# Modeling the Kemp's Ridley Sea Turtle Population (Modeling Module)

### Author: Marsha Davis

In this modeling module students will investigate the rise and fall of the Kemp’s ridley sea turtle population. The Preparation Reading, The Kemp’s Ridley Sea Turtle, introduces one problem for this turtle – strandings due to cold weather. The reading ends with two modeling questions, the first deals with how to determine the population size for the Kemp’s ridley sea turtle and the second asks about mathematical forms that might make good candidates for population models. A Preliminary Activity, Modeling World Population Growth, follows this reading. In this activity, students create two models for the size of the world’s population, a linear model and an exponential model.

Activity 1, Detecting Exponential Patterns, provides mathematical preparation for the exponential models that students will develop in Activities 2 – 4. Students learn that applying a logarithmic transformation to exponential data will straighten the data.

In Activity 2, The Decline of the Kemp’s Ridley Sea Turtle, students create models to predict the size of the nesting female Kemp’s ridley population at Rancho Nuevo, Mexico (the primary nesting site) based on data from two time periods, 1947 – 1986 and 1978 – 1985. They use these models to predict the year in which the Kemp’s ridley sea turtle would face extinction if no outside forces intervened to change the declining trend in population.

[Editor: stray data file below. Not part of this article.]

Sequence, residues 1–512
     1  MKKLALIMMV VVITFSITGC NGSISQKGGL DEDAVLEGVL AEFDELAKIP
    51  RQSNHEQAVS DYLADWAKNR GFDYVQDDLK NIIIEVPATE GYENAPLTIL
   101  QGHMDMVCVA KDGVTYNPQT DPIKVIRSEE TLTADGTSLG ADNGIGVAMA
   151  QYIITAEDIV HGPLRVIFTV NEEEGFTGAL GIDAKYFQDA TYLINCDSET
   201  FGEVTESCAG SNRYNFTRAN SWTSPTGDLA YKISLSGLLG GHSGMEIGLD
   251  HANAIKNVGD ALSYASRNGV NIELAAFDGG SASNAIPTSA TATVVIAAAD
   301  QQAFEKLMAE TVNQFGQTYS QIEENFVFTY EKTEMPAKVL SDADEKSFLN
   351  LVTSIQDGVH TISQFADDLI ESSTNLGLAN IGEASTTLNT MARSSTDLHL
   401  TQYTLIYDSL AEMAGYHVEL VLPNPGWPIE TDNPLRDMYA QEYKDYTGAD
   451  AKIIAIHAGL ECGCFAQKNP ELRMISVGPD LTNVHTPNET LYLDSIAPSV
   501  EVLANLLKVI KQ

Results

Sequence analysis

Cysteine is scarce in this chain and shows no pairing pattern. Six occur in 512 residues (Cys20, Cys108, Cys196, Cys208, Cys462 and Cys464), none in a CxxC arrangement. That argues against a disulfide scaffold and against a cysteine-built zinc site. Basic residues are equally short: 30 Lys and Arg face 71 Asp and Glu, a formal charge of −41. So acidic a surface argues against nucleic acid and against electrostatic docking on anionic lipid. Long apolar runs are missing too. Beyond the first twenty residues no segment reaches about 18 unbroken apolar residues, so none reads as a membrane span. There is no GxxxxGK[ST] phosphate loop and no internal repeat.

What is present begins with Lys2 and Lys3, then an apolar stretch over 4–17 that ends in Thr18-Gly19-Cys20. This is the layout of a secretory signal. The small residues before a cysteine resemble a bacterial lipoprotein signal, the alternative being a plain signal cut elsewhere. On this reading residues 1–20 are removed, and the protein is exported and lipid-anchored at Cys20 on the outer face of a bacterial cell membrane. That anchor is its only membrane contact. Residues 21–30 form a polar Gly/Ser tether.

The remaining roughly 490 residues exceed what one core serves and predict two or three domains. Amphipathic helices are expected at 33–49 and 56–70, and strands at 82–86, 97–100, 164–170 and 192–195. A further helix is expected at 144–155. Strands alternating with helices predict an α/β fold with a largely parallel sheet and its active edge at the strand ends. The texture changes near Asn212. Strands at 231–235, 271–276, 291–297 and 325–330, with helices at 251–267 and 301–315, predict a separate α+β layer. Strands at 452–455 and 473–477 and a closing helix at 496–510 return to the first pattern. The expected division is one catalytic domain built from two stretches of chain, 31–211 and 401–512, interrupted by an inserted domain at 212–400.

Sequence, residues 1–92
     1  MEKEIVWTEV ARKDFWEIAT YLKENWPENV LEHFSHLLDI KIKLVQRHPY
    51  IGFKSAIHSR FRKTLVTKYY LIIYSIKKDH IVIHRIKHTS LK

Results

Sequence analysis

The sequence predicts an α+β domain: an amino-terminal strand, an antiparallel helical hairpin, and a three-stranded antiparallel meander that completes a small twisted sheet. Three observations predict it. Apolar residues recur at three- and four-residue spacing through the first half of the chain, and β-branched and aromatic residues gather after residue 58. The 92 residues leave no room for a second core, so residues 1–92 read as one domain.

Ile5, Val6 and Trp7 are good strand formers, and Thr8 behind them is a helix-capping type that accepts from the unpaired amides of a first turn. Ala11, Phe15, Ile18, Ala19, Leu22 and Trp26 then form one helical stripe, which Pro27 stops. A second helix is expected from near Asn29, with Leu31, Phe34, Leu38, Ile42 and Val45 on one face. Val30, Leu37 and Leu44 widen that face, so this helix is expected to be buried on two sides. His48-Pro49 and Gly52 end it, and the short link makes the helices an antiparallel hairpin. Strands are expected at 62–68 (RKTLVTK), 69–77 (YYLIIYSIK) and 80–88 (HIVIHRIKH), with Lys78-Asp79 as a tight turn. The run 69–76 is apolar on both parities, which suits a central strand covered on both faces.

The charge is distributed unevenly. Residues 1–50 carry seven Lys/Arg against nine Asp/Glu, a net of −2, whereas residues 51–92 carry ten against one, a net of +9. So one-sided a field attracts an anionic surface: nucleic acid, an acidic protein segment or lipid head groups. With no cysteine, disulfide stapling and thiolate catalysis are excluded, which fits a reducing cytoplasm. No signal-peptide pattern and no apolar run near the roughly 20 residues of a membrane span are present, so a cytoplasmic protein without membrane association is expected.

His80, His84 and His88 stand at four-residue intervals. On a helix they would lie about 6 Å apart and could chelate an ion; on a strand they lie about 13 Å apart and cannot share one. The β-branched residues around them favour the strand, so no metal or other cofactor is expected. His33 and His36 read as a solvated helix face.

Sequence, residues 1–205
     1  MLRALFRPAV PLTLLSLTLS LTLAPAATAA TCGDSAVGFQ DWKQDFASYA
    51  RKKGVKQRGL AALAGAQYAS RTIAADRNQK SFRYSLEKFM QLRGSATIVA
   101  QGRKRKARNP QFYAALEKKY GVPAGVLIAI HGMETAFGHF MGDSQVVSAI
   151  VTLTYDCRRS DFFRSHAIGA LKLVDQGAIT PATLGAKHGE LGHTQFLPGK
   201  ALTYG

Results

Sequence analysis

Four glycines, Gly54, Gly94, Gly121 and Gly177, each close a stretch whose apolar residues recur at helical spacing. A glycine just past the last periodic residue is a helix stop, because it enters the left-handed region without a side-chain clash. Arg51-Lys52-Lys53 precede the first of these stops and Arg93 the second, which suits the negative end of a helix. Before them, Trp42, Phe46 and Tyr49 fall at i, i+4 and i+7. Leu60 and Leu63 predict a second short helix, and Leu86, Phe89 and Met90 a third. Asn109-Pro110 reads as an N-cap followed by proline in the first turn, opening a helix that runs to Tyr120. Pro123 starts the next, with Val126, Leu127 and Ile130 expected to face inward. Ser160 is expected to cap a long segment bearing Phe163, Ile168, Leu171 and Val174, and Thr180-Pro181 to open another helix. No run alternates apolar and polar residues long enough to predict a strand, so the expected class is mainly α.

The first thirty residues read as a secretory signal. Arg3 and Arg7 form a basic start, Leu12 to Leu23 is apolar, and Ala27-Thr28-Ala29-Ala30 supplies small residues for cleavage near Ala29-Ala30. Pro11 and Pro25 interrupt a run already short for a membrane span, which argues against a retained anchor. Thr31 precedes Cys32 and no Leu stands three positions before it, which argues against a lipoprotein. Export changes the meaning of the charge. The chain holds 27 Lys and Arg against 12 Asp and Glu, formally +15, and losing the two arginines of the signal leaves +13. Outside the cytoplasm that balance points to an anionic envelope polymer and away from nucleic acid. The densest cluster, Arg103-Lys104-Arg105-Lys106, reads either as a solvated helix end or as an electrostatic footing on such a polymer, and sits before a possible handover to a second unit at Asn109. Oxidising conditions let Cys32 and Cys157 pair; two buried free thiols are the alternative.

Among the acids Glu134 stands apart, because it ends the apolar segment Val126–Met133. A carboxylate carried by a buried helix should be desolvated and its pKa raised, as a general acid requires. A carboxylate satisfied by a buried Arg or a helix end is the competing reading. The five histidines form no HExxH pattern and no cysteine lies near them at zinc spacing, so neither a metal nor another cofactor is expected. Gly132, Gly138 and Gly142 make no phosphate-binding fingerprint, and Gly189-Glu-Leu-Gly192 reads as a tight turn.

Activity 3, Turtle Rebound, provides a more optimistic picture for the turtle due, in part, to a regulation requiring the use of turtle excluder devices (TEDs) on shrimp trawlers. Students develop models based on two datasets, one from Rancho Nuevo over the time period 1988 – 2006 and the other from the Texas coast (a secondary nesting site) over the time period 1996 – 2009. They use their model for Rancho Nuevo to predict when the status of the Kemp’s ridley sea turtle might be upgraded from “endangered” to “threatened.” Activity 3 concludes with concern over the possible impact of the 2010 Deepwater Horizon oil spill on Kemp’s ridley sea turtles.

In Activity 4, Kemp’s Ridleys After the Deepwater Horizon Disaster, students write a report on the rise and fall of the Kemp’s ridley population. As part of this report, they analyze two datasets, one from beaches in Mexico and the other from the Texas coast, that contain the number of nests for years beyond 2010.

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